Wednesday, January 28, 2015

Roast Chicken (with an FDA warning*)

YouTube Link: Zuni Cafe Roast Chicken Breast
More Videos: Helen's Kitchen Channel

Chicken cooked below 165F always raises eyebrows. In case you are worried, here are some points to keep in mind:
  • Salmonella occurs in the digestive tract.  It might get onto the outside of the chicken, but not inside its muscles.  The outside gets very hot.  If you don't think this chicken is safe, you should stop eating runny eggs and definitely stop licking the bowl after making brownies.
  • If you want to feel better about salmonella, buy air-chilled poultry.  When the chickens are chilled in ice water, the disease spreads from chicken to chicken.  When the chickens are chilled with air, the spread of the disease is tremendously reduced.  While I think that air-chilling is a much better procedure and produces tastier chickens, it's not a necessity to make the recipe I describe safe, but might help some people feel psychologically better about this recipe.  
  • Pathogens don't drop dead at 160F while thriving at all the temperatures below.  All pathogens will die after being held at 150F for 10 minutes, at 140F for 30 minutes, and 130F for 1 hour.  You don't want to go below 130F.  120 to 130 is gray area, and 90-120F is pathogens happy growing zone.  Although we remove the chicken at 125F, it quickly shoots up to 150F.  At that temperature, pathogens (even if there are any inside the muscle by some tiny chance) are dying very fast.  
* Consuming raw or under-cooked poultry might increase your risk of food-born pleasure.

Wednesday, January 21, 2015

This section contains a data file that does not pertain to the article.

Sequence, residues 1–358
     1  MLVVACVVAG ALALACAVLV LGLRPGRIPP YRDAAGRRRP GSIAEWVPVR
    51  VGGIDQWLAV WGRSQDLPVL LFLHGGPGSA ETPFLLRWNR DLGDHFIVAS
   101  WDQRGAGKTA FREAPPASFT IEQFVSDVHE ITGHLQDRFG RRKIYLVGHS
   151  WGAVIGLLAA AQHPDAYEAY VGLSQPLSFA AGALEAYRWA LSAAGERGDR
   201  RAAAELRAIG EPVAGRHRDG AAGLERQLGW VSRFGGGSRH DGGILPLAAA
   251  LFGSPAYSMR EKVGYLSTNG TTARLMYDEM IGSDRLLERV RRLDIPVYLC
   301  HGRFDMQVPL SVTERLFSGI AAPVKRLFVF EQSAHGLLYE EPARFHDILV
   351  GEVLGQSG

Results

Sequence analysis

Braised Macomber Turnip (or Rutabaga)

YouTube Link: Braised Macomber Turnip (or Rutabaga)
More Videos: Helen's Kitchen Channel

Little did I know when making this video that Macomber Turnip is our local legendary Massachusetts treasure (here is the legend).  There is a Russian folk tale about a turnip that grew so big it took a whole family to pull it out of the ground, and being Russian I have a soft spot for big turnips.  If you can't find Macomber Turnips, use any type of Rutabaga.

For Braising:
1 Large Macomber Turnip or Rutabaga
3 Tbsp olive oil
3 Tbsp madeira, white wine, chicken stock, or water

Pureeing after Braising:
2 cups braised turnips
3/4 cup milk
1 Tbsp butter

Monday, January 12, 2015

Sunday, January 4, 2015

What to Do with Green Peppers

A YouTube viewer asked me what to do with green peppers.  Here is a wonderful recipe from my Japanese food mentor Elizabeth AndohSkillet-Blistered Green Peppers, Tossed with Smoky Fish Flakes

In the classic Japanese kitchen, many vegetables are BRIEFLY treated to heat – either by blanching (spinach, asparagus, green beans) or skillet-searing and blistering (green peppers, leeks and onions, mushrooms) before being drizzled with soy sauce (sometimes mirin, too) and tossed with smoky katsuo-bushi (fish flakes). Dishes prepared this way are called okaka aĆ©. The fish flakes are briefly dry-roasted before using to heighten their smoky flavor and to make them easier to crush to a powder. The flakey-powdery fish infuses the vegetables with deep flavor (somewhat like adding bacon bits to a salad).

Here is another idea: 

2 large green peppers
28 oz can whole peeled tomatoes
4 garlic cloves
1/4 cup olive oil
Salt and chile powder to taste
2 tsp balsamic vinegar
parsley for garnish
pomegranate molasses for garnish